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SPSS and R

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I rarely use SPSS now, but in college ( www.iiml.ac.in) my marketing professors kind of ensured I was buried in it for weeks. Much later I did to some ARIMA forecasting in SPSS for macro economic indicators prediction ( details coming up)–

 

However the SPSS help list is a great one ( SPSSX-L@LISTSERV.UGA.EDU) , not just for staying in touch with SPSS but also with the latest statistical modeling techniques. Here is an extract from the list ( www.listserv.uga.edu/archives/spssx-l.html ) on using SPSS and R together

 

Assuming version 16 or later, you need to install the R plug-in from Developer Central.  Then your R syntax can be run in the syntax window between

BEGIN PROGRAM R.

and

END PROGRAM R.

The output automatically appears in the SPSS Viewer with two cautions.  1) In version 16, R graphics are written to files and don’t appear in the Viewer.  Version 17 integrates the graphics directly.  2) When using R interactively, expression output appears in your console windows, e.g.,

summary(dta)

displays the summary statistics for a data frame, dta.  In non-interactive mode, which is what you are in when running BEGIN PROGRAM, you need to enclose the expression in a print function for it to display, e.g.,

print(summary(dta))

The documentation for the apis to communicate between SPSS and R is installed along with the plug-in, and there are examples in the Data Management book linked on Developer Central (www.spss.com/devcentral).

You might also go through the PowerPoint article on Developer Central, "Programmability in SPSS Statistics 17", which you will find on the front page of the site.  It includes a detailed example of using the R Quantreg package in SPSS as an extension command.  There is also a download in the R section on creating an SPSS dialog box that generates an R program directly.  Look for Rboxplot – Creating an R Program from a Dialog.  This has a simple dialog box that generates code for an R boxplot along with an article that explains what is happening.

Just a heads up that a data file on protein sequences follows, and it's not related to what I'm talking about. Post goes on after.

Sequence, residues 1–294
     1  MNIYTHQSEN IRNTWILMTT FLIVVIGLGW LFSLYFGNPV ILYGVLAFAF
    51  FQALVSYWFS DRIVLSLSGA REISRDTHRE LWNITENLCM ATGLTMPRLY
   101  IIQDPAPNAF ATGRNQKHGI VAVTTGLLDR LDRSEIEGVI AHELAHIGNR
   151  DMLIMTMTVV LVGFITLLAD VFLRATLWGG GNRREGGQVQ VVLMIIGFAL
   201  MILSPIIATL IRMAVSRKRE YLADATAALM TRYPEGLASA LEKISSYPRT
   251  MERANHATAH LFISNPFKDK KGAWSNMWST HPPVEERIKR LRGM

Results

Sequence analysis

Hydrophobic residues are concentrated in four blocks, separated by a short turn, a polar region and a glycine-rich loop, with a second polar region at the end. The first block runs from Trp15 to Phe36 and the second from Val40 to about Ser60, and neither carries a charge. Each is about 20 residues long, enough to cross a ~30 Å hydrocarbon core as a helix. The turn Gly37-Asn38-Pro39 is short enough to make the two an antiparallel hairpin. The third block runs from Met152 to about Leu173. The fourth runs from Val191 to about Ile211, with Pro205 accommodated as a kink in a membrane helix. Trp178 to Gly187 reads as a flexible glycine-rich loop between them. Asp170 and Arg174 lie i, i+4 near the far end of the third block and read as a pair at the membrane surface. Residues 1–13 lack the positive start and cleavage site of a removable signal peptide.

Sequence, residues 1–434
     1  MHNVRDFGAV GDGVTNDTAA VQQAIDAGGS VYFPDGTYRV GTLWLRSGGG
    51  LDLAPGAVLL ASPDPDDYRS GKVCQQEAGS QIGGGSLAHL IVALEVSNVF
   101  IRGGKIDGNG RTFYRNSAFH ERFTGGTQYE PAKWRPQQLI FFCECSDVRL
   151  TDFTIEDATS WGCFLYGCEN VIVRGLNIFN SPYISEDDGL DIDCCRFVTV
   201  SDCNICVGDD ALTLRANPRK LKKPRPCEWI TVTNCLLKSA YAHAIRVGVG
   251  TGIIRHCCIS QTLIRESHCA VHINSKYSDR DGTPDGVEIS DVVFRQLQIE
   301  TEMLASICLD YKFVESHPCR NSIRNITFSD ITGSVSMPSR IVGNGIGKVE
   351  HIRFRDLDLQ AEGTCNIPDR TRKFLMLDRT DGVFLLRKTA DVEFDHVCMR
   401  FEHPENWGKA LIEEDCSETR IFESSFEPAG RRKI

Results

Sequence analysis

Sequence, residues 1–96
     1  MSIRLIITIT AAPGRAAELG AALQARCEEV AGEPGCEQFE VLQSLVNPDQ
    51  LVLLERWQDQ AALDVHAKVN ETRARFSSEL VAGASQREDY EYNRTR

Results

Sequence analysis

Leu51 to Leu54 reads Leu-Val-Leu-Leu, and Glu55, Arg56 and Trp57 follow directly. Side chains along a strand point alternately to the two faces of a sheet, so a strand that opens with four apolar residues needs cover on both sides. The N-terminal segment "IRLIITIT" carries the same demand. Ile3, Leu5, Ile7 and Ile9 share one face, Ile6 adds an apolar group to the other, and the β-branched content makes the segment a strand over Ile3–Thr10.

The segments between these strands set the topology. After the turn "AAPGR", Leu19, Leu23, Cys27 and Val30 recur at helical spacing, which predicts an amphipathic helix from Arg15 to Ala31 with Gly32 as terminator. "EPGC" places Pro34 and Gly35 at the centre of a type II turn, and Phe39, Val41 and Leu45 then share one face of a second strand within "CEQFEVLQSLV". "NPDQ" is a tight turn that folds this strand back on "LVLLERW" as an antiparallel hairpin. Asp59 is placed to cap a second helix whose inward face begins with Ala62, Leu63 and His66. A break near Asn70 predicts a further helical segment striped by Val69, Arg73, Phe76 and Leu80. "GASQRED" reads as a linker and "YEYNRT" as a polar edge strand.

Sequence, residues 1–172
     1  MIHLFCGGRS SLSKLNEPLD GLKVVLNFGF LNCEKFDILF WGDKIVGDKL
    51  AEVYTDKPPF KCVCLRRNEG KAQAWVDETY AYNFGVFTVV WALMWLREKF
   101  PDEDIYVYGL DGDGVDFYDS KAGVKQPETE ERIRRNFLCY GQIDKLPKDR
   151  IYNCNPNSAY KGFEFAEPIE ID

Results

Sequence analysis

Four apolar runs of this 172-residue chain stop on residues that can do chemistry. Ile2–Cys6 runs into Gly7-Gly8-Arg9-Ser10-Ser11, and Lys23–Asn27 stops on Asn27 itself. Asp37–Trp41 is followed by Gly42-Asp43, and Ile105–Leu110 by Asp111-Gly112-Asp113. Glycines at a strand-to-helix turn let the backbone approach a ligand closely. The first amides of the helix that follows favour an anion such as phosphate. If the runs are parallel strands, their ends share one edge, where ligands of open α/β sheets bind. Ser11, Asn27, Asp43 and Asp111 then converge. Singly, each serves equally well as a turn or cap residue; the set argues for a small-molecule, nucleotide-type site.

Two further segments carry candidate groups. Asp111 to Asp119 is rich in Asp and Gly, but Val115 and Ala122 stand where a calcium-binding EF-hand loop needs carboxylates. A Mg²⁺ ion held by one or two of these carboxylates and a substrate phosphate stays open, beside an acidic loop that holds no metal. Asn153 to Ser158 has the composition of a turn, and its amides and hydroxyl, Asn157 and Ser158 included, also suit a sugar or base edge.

Ajay ‘s 2 cents– SPSS treats R as an opportunity rather than a threat, partly because SPSS is a much lower priced software , and has been working to displace SAS in vain for some time now.

SAS ( the company and not the language) as the market leader has the most to lose due to

  • its high market share ( which it has maintained by aggressively seeking both legal action as well as by pumping in or investing or generously giving — huge amounts of money in hosting conferences,papers and research and keeping alumni and current employees happy and loyal),

and

  • premium pricing ( which comes under greater pricing pressure amid a general economic downturn amongst its preferred customers -especially banks and companies like Amazon , GE Money etc)

and

  • multi pronged competition with tacit support from bigger players waiting on sidelines
  • ( like IBM has an alliance with WPS which is almost a de facto Base SAS clone as it can take in SAS datasets, SAS code, and output SAS code, SAS datasets besides having it’s own Eclipse based design for the Workbench
  • Microsoft expanding data mining capabilities in SQL Server and initiatives like Microsoft Azure ( OS for Cloud Computers ) and Microsoft Mesh .
  • open source players like R, KNIME, Rapid Miner getting commercial momentum due to better value for cost ( 0 ).

and

  • data and code portability between SAS,SPSS,R due to PMML standards means switching barriers are getting lowered. There are almost no switching barriers between Base SAS and WPS in my testing experience.

The coming market share battles between SAS, and WPS and R will be interesting to watch for the analyst/customers — that is if the current economic crisis doesn’t claim any of the companies or the clients first. Alliances as well community networking among users and developers could be critical.

Still innovation flows from creative destruction of old ideas, mindsets, attitudes and yes even software.


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